In a powerful essay for the New York Times, Lawrence Ware, a co-director of the Center for Africana Studies at Oklahoma State University and an ordained minister, says that he’s “renouncing” his ordination in the Southern Baptist Convention.
The reason? Their hesitation to condemn white supremacy and their continued bigotry against LGBTQ people made his support untenable.
… As a black scholar of race and a minister who is committed to social justice, I can no longer be part of an organization that is complicit in the disturbing rise of the so-called alt-right, whose members support the abhorrent policies of Donald Trump and whose troubling racial history and current actions reveal a deep commitment to white supremacy.
What’s more, while they hesitated to adopt a resolution that condemned white supremacy, they did not hesitate to throw out activists who tried to raise awareness about the ways in which the convention fails its L.G.B.T.Q. members.
It should be noted that there’s reason to believe the hesitation over a resolution condemning white supremacy (at the recent SBC annual meeting) had less to do with its content and more to do with the timing of when it was proposed.
Still, it’s not like that the only example linking Southern Baptists to ignorance of racial issues if not outright racism.
Ware also points to the faculty members and administrators at Southwestern Baptist Theological Seminary who posed like this to promote their School of Preaching:
Was it stupid? Yes. Was it racist? Hell yeah. Were they punished? Not a chance. And that’s what bothers Ware:
The university president apologized and lamented the “moment of bad judgment,” but nothing meaningful was done. To me, their performance constituted more than bad judgment. Mockingly stereotyping African-Americans revealed the moral bankruptcy of their souls. These men are responsible for preparing ministers for the work of the church, after all.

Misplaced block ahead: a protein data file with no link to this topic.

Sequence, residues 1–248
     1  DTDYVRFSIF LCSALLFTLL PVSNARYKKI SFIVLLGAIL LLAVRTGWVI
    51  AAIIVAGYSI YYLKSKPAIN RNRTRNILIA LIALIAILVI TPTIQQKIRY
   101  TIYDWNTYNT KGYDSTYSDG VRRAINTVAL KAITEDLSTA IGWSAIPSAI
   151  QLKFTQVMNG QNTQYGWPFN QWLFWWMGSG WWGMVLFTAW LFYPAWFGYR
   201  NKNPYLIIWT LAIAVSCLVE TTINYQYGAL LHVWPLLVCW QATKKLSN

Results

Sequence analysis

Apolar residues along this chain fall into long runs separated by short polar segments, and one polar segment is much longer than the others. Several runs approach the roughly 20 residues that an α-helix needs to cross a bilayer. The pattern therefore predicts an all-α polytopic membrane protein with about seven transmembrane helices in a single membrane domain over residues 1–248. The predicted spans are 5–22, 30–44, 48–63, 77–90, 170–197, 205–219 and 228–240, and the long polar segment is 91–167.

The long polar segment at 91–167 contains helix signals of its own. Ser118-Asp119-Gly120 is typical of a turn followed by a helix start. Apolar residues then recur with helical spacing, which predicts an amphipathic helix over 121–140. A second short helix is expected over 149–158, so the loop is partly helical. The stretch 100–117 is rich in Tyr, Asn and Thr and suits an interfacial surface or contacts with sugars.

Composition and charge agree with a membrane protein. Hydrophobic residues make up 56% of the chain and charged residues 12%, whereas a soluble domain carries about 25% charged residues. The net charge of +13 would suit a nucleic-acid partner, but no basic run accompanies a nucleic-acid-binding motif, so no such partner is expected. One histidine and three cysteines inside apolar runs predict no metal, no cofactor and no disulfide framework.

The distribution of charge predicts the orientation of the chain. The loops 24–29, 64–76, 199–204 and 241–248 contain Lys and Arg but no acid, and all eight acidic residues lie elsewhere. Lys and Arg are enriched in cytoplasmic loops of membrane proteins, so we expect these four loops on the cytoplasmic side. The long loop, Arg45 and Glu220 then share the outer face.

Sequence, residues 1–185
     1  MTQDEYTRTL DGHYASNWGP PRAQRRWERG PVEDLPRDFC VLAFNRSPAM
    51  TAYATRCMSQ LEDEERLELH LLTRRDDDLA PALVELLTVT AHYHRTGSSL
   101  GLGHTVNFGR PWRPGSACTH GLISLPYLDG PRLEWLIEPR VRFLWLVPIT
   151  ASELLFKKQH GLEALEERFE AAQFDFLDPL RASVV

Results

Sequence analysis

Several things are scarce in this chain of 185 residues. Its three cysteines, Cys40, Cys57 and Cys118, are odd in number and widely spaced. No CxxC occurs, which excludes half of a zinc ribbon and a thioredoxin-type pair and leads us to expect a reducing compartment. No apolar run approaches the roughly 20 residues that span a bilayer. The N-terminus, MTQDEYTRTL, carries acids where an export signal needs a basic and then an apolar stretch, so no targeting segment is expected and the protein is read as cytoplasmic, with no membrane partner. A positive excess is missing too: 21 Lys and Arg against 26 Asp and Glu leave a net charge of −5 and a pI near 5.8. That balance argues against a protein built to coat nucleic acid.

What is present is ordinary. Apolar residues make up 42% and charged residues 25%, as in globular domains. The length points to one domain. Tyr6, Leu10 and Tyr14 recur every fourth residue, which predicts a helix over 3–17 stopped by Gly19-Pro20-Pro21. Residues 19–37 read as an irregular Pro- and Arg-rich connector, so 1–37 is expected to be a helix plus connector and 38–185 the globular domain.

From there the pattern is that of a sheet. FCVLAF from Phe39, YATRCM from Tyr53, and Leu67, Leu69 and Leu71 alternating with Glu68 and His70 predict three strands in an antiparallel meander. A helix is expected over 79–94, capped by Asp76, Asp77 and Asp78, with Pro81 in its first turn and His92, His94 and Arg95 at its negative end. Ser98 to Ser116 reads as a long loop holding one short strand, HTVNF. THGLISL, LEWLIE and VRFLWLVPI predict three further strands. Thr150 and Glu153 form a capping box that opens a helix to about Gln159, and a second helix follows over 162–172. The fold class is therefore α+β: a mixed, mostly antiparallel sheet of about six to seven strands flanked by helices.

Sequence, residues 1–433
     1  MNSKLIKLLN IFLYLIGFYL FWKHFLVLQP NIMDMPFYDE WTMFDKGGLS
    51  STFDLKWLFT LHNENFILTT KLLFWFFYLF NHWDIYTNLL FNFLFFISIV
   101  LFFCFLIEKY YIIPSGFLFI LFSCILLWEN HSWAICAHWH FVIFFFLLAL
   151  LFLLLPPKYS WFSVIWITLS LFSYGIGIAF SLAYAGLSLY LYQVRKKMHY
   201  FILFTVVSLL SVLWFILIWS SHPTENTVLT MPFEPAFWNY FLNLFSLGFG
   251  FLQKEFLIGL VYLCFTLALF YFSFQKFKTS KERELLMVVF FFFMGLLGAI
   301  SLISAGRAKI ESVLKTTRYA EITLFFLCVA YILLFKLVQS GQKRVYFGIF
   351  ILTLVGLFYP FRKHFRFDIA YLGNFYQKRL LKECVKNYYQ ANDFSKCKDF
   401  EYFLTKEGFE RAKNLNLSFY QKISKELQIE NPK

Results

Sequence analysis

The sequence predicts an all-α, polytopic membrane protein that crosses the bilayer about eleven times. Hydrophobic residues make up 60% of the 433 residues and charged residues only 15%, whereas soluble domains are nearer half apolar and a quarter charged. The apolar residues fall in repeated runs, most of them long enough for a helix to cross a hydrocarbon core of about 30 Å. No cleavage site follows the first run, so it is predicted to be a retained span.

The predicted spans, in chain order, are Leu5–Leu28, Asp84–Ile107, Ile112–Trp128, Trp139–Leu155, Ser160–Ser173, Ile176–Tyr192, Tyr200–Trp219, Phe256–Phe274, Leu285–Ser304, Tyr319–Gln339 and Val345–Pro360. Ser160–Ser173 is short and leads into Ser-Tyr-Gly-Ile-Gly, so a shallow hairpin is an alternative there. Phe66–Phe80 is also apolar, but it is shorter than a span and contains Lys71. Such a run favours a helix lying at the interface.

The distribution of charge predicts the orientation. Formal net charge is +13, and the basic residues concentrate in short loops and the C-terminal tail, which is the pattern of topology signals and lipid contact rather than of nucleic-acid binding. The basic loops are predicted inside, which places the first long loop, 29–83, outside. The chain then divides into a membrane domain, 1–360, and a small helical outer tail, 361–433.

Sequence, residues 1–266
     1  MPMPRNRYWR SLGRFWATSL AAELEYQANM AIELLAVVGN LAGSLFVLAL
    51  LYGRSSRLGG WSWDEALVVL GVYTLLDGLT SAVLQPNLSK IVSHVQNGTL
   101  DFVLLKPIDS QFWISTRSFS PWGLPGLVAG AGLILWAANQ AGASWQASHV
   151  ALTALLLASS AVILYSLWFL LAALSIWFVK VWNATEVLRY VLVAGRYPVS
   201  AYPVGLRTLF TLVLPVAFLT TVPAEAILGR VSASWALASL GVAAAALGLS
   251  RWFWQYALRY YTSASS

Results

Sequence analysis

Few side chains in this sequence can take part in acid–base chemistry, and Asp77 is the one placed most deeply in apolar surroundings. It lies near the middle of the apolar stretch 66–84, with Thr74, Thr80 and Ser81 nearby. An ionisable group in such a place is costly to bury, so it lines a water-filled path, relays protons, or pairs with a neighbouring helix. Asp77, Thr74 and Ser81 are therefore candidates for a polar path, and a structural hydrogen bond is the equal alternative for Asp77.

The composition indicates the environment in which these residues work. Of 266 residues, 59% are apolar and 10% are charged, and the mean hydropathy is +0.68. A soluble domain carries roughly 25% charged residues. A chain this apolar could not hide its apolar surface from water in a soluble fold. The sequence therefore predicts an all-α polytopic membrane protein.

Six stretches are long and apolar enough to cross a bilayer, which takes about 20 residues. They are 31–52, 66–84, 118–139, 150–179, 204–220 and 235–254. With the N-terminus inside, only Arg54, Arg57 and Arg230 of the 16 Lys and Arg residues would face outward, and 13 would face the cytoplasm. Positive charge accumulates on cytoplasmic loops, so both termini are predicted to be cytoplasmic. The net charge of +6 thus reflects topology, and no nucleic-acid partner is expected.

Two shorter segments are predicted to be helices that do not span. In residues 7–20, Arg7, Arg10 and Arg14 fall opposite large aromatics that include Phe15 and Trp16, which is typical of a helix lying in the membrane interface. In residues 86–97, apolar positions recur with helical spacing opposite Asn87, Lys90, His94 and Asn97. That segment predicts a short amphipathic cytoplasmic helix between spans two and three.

Ware notes that some Southern Baptist leaders are not on the Trump train and vocally and frequently condemn racism in no uncertain terms, but they’re in the minority. And the prejudice against LGBTQ people has never gone away and is, indeed, still promoted by the faith.
Ware is still a Christian, and he notes that he “will still remain a minister in the Progressive National Baptist Convention,” but his affiliation with the largest Protestant denomination in the country is over.
I love the church, but I love black people more. Black lives matter to me. I am not confident that they matter to the Southern Baptist Convention.
If there’s any criticism to offer here, it’s that the SBC’s positions on these issues were never a secret. Is Ware only now realizing that there are a bunch of racists among SBC’s leadership and membership? How long did he stay in the SBC knowing how they felt about LGBTQ people? Does he have any idea what Southern Baptists believe about women? (President Jimmy Carter left the denomination nearly two decades ago because of the SBC’s stance on women.)
The point is Ware could’ve written the bulk of this essay decades ago without having to change very much.
But we can all speculate as to why he didn’t leave earlier. This was his denomination. Sure, it wasn’t perfect, but maybe he thought he could help change it from within. There’s comfort in the familiar and leaving the denomination — very publicly, no less — would create a lot of personal problems that he might understandably want to avoid.
I’m glad he did it now, though. Let’s hope other current SBC leaders — black, white, and everyone else — have the courage to do the same. How much racism, sexism, and bigotry are they willing to tolerate?
(Image via Shutterstock)